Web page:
A Riot Before A Riot: The Media, Police and University to Blame in Dinkytown ‘Riots’

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If you head over to Dinkytown, the best-known college village literally steps from the University of Minnesota’s Twin Cities campus, at bar close or any time in the later evening, you’ll see a lot of interesting stuff. Primarily, you’ll see a lot of college kids who have probably had a couple too many and are attempting to make their way home. That should have been the case on Saturday night.

At 6:30 Minneapolis time, the puck dropped on the NCAA National Championship hockey game in Philadelphia. Minnesota’s Golden Gophers played the role of Goliath, Union College played the role of David and, as usual, David won. Apparently, the Dinkytown dwellers were supposed to riot.

It was a likely scenario, right? They had just kind of, sort of had done just that when the Gophers beat arch rival North Dakota in the semi-finals. It was a riot full of, well, not a whole lot of rioting. Students were taking pictures with police officers, so obviously the enforcement wasn’t exactly overwhelmed with duties.

Flash-forward to Saturday night, throngs of cops and media showed up in Dinkytown; the former to keep the peace, the latter to report on the pending riot. The funny thing is that they caused the riot.

College students are the biggest group influenced by the theory of monkey see, monkey do. Students walk out of the bars and see police, mounted police, a State Patrol helicopter and a tank, seriously, and it hits them that they should be doing something bad. It’s what they are supposed to be doing, right?! That’s why everyone is there.

I assume there was probably a couple extra hundred people in Dinkytown because it was the National Championship game, but otherwise it would have probably been the typical Thursday-Sunday night on a college campus. Let’s not over-fascinate a common happening.

This brings me to the following example from KMSP, the FOX affiliate in Minneapolis – St. Paul, who had this beautiful piece of field reporting.


It shouldn’t come as a shock that drunken frat boys are the same to a lighted TV camera as a moth is to a flame. Did you seriously think you could go a legitimate live-shot in the middle of what you and your competitors blew out of the water and built up as a riot before the puck even dropped on Saturday night?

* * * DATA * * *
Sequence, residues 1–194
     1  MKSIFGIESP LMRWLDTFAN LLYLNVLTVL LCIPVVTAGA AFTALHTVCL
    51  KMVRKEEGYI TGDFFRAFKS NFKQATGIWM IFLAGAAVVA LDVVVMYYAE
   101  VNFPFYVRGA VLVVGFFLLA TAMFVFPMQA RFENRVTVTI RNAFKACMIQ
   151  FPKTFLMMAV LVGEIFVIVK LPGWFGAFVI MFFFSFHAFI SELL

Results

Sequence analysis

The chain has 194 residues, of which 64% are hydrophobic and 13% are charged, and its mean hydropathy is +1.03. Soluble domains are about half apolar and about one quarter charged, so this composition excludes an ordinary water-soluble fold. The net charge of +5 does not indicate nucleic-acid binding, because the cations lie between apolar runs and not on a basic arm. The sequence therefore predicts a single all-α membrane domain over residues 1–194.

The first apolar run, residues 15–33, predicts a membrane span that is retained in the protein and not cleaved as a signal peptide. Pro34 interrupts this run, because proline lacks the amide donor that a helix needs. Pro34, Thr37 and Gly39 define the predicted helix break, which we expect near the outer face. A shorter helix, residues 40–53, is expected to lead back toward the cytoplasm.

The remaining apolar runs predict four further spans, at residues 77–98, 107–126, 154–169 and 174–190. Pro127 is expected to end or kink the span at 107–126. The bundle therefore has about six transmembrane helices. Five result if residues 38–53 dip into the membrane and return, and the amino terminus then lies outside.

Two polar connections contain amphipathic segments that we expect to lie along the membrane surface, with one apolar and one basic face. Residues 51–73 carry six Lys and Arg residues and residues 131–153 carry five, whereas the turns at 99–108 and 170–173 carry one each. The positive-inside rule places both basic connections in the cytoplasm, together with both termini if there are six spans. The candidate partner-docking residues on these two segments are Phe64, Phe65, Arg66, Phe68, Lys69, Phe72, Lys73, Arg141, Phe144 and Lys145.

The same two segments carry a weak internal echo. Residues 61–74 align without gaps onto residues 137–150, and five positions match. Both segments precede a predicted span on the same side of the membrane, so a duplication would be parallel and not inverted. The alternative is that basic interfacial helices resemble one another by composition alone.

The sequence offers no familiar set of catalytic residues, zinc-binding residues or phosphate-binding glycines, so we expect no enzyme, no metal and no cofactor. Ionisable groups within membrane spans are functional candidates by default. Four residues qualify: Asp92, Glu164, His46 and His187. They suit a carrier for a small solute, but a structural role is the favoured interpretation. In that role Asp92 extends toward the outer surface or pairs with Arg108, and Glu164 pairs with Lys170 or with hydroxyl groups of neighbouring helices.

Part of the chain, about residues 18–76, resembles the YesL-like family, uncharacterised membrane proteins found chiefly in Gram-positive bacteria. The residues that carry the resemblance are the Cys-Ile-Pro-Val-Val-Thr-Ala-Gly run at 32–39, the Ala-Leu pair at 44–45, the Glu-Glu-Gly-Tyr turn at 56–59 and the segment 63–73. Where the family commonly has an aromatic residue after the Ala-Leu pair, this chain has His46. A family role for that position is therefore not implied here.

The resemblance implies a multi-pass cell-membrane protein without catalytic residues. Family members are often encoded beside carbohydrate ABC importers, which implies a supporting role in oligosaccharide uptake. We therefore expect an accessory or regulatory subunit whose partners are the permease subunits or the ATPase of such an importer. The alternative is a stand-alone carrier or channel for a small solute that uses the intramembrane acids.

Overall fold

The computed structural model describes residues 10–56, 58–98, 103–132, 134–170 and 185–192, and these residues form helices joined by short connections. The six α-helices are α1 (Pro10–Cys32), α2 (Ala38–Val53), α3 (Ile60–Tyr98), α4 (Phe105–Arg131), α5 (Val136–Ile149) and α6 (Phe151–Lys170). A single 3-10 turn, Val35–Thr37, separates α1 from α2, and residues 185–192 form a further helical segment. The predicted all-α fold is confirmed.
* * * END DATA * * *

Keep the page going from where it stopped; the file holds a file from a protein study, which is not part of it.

The University of Minnesota’s President Eric Kaler stating there would be a zero tolerance policy and announcing the extra police presence just added gas to the barely-lit fire. Let the kids be kids.

Do the police have to be there? Of course they do. Do they need to start attacking and pepper spraying? Absolutely not.

Does the media need to be there? Yes, it is a story. Is it right for the media to force feed a ‘riot’ days before it happens? No.

Drunken kids might have been a little rowdy, but all young people between the ages of 17-22 imitate what they see on their Twitter feeds, movies and TV shows. Say the kids were out of line, but don’t act like the adults in this scenario didn’t overreact.

Monkey see, monkey do.

UConn: Showing The Unexpected Can Happen

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Things are supposed to go to plan, right? Trusted persons and experts should be able to look at something and say this and that will happen and it will. The UConn Huskies proved that sports aren’t for those who follow plans to a T.

If you are not affiliated with Connecticut in some way and said that the Huskies were going to win the NCAA Tournament Championship at the beginning of the year, it probably would have been suggested that you get your head examined. The same cross-eyed look would have come your way if you had said that in the middle of the Sweet 16, too. UConn simply wasn’t supposed to win.